By Alejandra Pulido-Guzman - Lethbridge Herald on December 13, 2023.
A local young poet who has been sharing his poetry online for the last few years, has compiled more than 50 of his poems into a book where he writes about nature, hope, faith and love.
25-year-old Lethbridge poet Alexey Soshalskiy, author of “Aspen Grove” collection of poems, said he finds inspiration in nature to express feelings that sometimes are hard to explain.
“That’s exactly it, you use nature to describe things that you feel here (heart), because it’s very difficult to just put it into words, and even if you do tell a person in words they still won’t understand it, but if you related to something like nature then people understand it easier,” said Soshalskiy.
Within his book, readers can find poems about Alberta, Lethbridge, nature elements such as flowers, trees and animals, the seasons and the sky among others.
“The title of the book is “Aspen Grove” and I called it that because the Birch trees are my favourite tree. I feel extreme nostalgia whenever I look at a birch tree, it reminds me of my childhood. I feel almost like if I look long enough at a birch tree I feel euphoric sometimes, I feel happiness and joy, I love that tree. It’s just very beautiful and invokes poetic feelings of inspiration,” said Soshalskiy.
One poem that talks about Lethbridge is titled “Beloved City” and reads in part, “My dear beloved city, for you I’ll write a ditty. Your features sing a song, with them I’ll sing along. I’m charmed by all your looks; your warm and long Chinooks. Your winter and your spring, your birds that love to sing!”
“If you look through most of the poems, there’s some theological elements, philosophical elements, poems about life, heartbreak, typical poetic issues you could say,” said Soshalskiy.
When it comes to where the idea of putting his poems into a book came from, he said it came as an ask from his followers on social media as a way to make the poems more readily accessible to them.
“I was posting my poetry on social media and people were asking me where they could get a whole list of the poems, because when they are posted on social media they have to scroll back and forth through multiple posts to find the one that they want. The idea was to have them all in one place where they can just look up the table of contents and go directly to the poem they are looking for and that way they can read them any time, without having to search for them” said Soshalskiy.
He said even though his book is for sale he is not that interested in making a profit – his primary goal is to be able to share his poems with people.
“It wasn’t about the money, my book is very cheap, I make pennies off of it. I could raise it to try and make it more of a business, but that wasn’t the point. The only reason why it has a cost to it is because the paper and everything else that goes into making it has to be paid for. I also created an electronic version of it which is being sold for a dollar. Only because I had to put a dollar value to it in order to make it available in that format,” said Soshalskiy.
Even though his book has almost 60 poems in it, Soshalskiy has only been writing for the last few years. He remembers exactly when he wrote his first poem – Dec. 26, 2020 and in similar style to a journal, each of his poems contains the date they were written.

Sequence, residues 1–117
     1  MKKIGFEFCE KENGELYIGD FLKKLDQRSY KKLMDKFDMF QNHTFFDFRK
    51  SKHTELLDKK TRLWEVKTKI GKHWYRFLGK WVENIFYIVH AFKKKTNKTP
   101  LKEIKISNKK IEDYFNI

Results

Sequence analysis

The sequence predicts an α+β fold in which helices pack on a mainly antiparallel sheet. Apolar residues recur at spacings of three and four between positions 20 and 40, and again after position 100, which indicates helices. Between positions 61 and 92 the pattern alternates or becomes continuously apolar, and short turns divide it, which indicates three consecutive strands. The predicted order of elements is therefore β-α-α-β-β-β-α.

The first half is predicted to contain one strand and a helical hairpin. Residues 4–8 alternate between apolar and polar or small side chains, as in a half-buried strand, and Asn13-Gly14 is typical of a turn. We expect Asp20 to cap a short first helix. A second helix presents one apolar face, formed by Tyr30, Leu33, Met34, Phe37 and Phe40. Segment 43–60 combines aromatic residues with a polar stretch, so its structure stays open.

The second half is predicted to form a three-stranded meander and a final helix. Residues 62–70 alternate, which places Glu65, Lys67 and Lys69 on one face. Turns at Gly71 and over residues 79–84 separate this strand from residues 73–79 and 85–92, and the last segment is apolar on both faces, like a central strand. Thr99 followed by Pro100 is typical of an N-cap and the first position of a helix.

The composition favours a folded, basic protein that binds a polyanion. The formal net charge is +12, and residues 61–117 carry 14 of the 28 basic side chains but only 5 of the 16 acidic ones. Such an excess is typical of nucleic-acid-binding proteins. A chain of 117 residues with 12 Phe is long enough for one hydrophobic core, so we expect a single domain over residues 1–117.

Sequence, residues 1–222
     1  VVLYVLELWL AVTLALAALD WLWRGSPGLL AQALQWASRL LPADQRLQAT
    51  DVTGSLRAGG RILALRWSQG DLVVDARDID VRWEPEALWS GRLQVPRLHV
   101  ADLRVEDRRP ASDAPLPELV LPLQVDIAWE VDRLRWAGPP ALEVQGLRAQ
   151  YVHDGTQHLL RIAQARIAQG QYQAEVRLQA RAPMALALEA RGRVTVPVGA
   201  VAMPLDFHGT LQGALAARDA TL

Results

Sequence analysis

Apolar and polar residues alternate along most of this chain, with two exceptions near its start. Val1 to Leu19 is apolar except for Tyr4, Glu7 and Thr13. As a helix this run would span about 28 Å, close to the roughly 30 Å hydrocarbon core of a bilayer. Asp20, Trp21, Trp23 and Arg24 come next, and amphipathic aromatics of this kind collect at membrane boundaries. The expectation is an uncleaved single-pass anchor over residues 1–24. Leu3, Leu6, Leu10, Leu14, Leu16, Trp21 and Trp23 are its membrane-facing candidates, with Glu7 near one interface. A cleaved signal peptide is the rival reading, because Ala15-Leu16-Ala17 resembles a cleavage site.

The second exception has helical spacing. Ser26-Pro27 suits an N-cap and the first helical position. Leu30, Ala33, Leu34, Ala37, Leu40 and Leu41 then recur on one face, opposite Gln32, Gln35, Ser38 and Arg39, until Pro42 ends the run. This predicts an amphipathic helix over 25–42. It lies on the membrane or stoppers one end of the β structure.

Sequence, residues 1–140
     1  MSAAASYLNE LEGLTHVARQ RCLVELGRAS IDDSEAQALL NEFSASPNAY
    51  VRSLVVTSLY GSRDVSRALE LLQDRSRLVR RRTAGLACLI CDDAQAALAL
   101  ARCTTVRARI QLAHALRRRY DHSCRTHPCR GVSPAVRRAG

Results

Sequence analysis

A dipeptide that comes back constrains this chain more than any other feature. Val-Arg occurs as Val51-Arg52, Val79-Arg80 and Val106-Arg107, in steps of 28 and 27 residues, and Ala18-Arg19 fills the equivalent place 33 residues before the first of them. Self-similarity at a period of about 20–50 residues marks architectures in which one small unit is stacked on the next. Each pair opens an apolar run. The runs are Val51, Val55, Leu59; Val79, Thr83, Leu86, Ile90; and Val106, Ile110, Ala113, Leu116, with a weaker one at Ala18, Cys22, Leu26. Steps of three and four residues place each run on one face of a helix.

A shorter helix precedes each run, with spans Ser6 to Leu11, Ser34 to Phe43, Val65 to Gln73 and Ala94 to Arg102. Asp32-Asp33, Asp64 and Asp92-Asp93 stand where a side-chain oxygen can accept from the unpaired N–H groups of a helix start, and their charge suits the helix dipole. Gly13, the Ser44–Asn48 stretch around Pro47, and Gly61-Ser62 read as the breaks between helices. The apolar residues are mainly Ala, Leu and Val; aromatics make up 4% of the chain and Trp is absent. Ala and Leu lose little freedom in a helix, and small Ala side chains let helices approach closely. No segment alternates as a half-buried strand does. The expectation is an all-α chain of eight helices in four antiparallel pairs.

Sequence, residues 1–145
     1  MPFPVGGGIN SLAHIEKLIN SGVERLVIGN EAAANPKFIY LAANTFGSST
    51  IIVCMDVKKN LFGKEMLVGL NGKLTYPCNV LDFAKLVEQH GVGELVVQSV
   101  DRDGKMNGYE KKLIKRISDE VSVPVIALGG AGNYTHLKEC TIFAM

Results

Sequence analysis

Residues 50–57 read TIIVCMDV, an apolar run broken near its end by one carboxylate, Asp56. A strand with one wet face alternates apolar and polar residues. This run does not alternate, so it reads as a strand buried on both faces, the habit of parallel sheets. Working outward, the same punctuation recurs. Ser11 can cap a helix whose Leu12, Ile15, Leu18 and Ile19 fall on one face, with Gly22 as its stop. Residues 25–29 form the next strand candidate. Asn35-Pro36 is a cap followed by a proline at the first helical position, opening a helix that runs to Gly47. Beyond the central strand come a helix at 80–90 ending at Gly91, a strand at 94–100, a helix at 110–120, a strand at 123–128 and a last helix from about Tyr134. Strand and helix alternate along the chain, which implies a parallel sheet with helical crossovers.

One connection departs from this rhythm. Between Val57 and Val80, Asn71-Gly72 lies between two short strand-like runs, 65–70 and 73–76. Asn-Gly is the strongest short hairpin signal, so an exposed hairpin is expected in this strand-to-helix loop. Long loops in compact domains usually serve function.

Soshalskiy said he never thought of being a poet – he never thought he would be writing at all, but now three years later he has written over a hundred poems.
“It is one of those weird things that just kind of happened. It is hard to explain, I would almost need to write a poem to describe how it happened. I never in a million years thought I would be a writer. If you and I talked four years ago, I would not been able to name a single poet,” said Soshalskiy.
He said he was nudged into it, almost pushed into it.
“It’s very hard to explain. In the last four years it’s like I wanted to do something and something happened in my life and I got humbled. I wanted to do something else and something else happened and I got humbled. It’s like life was telling me this is not for you. It was like I was nudged into a corner and was told I had to write,” said Soshalskiy.
When asked about how he chose the 57 poems that compile his book, Soshalskiy said it was a difficult process because he had more than 100 poems to choose from. He said he wanted to make sure he was sharing happy poems that could put a smile on the reader’s face instead of reading something melancholic that would make them sad.
“Sometimes you write because you feel like you want to take something out and write it on a piece of paper, and for me almost instinctually I would write about things that are a little bit difficult, so the by-product of that is a lot of the poems would have a little bit of a melancholic nature, and I would hate for people to read my poetry and then become sad,” said Soshalskiy.
He said he does not see himself as hopeless; on the contrary he would describe himself as an optimist, even though sometimes his poems don’t reflect that.
“There are some poems that I didn’t put in my book because I was scared that people could take them the wrong way and become hopeless without knowing thew full story. So I focused in sharing what I thought was positive and reflected my beliefs,” said Soshalskiy.
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